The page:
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Homicide: Life on the Street

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NBC (ended 1999)

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  • Season 5 Episode 13: Have a Conscience

  • Lewis: Hey, Mikey.
    Kellerman: …and the bear says to the guy, 'You didn't come here to hunt, did you?'
    Lewis: What?
    Kellerman: That joke you're always telling - that's the punch line, right?
    Lewis: Yeah, but it's about the setup.

    This is the punch line to an off-color joke Lewis tells more than once in the series (the joke itself is never heard). The line is first heard in episode 25/3-12, "The City That Bleeds", just before Gee announces the shooting of Bolander, Felton and Howard, again in episode 66/5-11, "The Documentary" with Lewis telling it to Kellerman on the way to the Waterfront, and in episode 99/6-22, "Fallen Heroes (1)".

  • Season 5 Episode 11: The Documentary

  • Lewis: …so the bear says, 'You didn't really come here to hunt, did you?'

    Lewis says this while entering the Waterfront with Kellerman in a scene shown in Brodie's film. This is the punch line to an off-color joke Lewis tells more than once in the series (the joke itself is never heard). The line is first heard in episode 25/3-12, "The City That Bleeds", just before Gee announces the shooting of Bolander, Felton and Howard, again in episode 68/5-13, "Have A Conscience", Kellerman asks Lewis about the joke, with Kellerman saying the line and in episode 99/6-22, "Fallen Heroes (1)".

  • Season 4 Episode 21: The Wedding

  • Having the episode on DVD enabled me to run those few seconds back and forth very specifically to determine if a "body double" could have been substituted but masked for editing continuity. Such an edit DOES occur as Kay and Carrie walk with their backs to the camera and someone crosses the screen from viewer left to right, masking the edit when the double was likely put in place. Of course, by watching those few seconds only once, the "effect" is almost (not quite) subliminal.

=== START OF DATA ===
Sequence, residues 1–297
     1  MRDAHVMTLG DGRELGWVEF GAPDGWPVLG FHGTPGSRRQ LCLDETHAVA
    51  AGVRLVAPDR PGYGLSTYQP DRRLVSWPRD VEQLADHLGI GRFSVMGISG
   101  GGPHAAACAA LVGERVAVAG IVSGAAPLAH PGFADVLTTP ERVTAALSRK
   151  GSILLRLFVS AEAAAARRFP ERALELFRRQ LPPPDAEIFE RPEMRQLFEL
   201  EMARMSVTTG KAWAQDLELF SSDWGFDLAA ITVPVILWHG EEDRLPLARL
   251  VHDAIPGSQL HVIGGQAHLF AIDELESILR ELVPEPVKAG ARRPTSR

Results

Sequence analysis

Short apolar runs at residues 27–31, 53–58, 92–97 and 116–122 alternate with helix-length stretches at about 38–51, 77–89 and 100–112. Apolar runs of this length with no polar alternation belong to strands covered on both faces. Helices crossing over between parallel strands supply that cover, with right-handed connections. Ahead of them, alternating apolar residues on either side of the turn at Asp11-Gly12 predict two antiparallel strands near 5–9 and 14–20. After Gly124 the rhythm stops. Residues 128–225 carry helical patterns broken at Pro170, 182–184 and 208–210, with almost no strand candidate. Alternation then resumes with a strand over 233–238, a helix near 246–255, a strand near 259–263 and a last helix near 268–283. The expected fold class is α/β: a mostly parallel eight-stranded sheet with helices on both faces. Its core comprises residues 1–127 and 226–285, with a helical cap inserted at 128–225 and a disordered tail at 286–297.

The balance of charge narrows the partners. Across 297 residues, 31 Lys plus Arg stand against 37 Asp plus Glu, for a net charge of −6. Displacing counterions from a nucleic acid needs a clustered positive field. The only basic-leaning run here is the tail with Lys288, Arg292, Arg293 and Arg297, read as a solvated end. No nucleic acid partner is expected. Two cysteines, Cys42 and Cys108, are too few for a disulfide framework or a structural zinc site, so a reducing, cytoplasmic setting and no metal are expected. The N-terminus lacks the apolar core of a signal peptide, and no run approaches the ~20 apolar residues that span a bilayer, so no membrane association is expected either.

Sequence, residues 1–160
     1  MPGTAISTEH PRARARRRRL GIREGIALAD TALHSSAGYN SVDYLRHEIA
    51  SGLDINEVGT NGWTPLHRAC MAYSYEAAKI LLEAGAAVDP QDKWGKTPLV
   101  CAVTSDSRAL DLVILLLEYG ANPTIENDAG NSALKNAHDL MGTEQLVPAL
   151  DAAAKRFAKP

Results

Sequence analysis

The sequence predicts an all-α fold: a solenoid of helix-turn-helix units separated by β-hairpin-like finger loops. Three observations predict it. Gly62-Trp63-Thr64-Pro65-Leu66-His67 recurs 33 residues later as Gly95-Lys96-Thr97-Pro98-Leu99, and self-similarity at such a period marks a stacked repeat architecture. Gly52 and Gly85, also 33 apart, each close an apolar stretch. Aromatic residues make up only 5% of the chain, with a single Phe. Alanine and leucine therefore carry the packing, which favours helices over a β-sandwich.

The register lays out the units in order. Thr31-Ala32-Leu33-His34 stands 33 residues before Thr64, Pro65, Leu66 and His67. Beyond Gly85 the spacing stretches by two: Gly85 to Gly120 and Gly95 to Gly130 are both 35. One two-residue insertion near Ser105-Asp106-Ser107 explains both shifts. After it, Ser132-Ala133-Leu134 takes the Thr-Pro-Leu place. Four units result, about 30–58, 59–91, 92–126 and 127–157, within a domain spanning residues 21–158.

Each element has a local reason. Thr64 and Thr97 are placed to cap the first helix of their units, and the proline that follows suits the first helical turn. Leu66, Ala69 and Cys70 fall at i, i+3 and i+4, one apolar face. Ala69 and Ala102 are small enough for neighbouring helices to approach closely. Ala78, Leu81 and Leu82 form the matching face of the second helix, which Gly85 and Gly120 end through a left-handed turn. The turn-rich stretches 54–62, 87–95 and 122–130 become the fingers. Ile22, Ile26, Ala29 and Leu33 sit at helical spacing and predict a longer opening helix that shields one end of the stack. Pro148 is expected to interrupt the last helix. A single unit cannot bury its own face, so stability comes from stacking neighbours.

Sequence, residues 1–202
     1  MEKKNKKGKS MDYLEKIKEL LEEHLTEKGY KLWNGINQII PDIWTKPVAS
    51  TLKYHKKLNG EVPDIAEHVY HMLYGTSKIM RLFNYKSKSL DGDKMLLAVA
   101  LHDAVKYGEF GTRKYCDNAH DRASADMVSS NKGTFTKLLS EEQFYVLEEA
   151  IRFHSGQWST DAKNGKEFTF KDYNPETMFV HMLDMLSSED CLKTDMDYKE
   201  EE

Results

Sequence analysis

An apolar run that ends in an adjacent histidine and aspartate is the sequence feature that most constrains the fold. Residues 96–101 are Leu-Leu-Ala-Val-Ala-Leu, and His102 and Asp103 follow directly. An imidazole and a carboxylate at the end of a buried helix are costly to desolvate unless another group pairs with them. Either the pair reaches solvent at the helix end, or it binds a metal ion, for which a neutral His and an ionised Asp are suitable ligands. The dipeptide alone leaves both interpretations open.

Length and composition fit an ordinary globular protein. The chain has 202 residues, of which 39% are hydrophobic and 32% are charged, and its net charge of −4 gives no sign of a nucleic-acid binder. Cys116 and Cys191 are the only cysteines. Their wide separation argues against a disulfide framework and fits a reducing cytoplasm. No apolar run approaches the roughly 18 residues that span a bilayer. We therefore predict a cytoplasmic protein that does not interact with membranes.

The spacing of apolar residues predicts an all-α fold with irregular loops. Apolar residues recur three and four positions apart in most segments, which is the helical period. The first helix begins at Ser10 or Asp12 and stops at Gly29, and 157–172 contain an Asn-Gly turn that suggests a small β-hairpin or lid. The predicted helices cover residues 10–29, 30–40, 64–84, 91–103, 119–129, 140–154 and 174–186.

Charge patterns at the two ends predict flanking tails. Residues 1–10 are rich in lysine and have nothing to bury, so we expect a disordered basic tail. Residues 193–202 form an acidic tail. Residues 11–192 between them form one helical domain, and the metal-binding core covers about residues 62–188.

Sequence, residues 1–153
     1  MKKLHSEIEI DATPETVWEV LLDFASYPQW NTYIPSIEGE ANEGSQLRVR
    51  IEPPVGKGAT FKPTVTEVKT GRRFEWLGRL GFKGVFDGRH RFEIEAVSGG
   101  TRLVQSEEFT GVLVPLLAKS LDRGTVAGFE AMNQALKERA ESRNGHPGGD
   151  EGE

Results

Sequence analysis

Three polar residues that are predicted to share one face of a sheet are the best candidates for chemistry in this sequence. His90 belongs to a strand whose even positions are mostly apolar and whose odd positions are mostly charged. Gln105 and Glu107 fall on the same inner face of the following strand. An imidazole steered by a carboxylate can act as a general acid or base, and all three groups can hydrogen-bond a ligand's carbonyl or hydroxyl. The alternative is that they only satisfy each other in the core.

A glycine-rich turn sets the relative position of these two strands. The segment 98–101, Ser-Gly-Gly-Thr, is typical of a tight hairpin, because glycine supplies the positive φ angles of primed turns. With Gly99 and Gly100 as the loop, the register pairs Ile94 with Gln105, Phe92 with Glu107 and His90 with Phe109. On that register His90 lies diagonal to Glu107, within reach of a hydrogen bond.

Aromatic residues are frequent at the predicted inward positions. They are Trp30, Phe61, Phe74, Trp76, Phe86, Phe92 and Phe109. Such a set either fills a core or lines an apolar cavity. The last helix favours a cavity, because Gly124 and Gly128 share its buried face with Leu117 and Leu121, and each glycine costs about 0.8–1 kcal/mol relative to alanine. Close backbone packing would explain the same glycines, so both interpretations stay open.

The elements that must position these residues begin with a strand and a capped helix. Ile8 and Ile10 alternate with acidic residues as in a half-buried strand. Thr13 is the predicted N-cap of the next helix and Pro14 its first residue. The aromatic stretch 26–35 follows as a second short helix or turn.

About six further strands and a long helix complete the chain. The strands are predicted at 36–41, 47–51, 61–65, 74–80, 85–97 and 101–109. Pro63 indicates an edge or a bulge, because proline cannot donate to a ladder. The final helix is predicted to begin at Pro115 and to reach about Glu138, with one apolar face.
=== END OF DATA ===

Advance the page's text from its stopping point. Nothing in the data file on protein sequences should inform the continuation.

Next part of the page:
• Season 4 Episode 18: Scene of the Crime

  • On the way to the crime scene Munch tells Russert that Bolander will be back in three weeks, June 1st implying that this was in the middle of May. But in the courtroom the judge says that the incident occured on the tenth of April.

  • Season 4 Episode 15: Stakeout

  • Jim-True Frost who plays Det. Roland "Prez" Pryzbylewski on another show set in Baltimore The Wire appears. Also Kate Walsh who plays "Addison Montgomery" on Grey's Anatomy and Private Practice appears.

  • Season 4 Episode 12: For God and Country (2)

  • Egan's wife was killed sometime between 7:30 and 9:55 A.M. But, when Briscoe and Curtis arrive at the precinct in Baltimore, the clock behind them is set at approximatley 8:58. So either, 11 hours have gone by in 15 minutes and without the sun setting (as we see when Munch and Briscoe go into the bar), the clock stopped, or they forgot to set it for a more appropriate time.

  • Season 3 Episode 18: Nothing Personal

  • Goof: When Russert is talking to Gee at the end of her shift, she is wearing a red dress. After one quick shot of Gee, she suddenly has her black overcoat on.

  • Season 3 Episode 12: The City That Bleeds (1)

  • Lewis: …so the bear says, 'You didn't really come here to hunt, did you?'

    Lewis says this when Gee comes into the squad room and announces that Bolander, Felton and Howard have been shot. This is the punch line to an off-color joke Lewis tells more than once in the series (the joke itself is never heard). It was first heard in episode 66/5-11, "The Documentary" with Lewis telling it to Kellerman on the way to the Waterfront, in episode 68/5-13, "Have A Conscience", Kellerman asks Lewis about the joke, with Kellerman saying the line and in episode 99/6-22, "Fallen Heroes (1)".